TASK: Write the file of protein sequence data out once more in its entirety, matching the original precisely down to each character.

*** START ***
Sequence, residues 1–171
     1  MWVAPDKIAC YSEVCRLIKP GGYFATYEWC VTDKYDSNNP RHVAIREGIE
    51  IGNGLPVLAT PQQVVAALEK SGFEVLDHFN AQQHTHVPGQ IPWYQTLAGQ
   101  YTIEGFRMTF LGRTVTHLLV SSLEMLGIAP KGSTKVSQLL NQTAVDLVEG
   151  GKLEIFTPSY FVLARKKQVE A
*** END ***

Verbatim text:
Sequence, residues 1–171
     1  MWVAPDKIAC YSEVCRLIKP GGYFATYEWC VTDKYDSNNP RHVAIREGIE
    51  IGNGLPVLAT PQQVVAALEK SGFEVLDHFN AQQHTHVPGQ IPWYQTLAGQ
   101  YTIEGFRMTF LGRTVTHLLV SSLEMLGIAP KGSTKVSQLL NQTAVDLVEG
   151  GKLEIFTPSY FVLARKKQVE A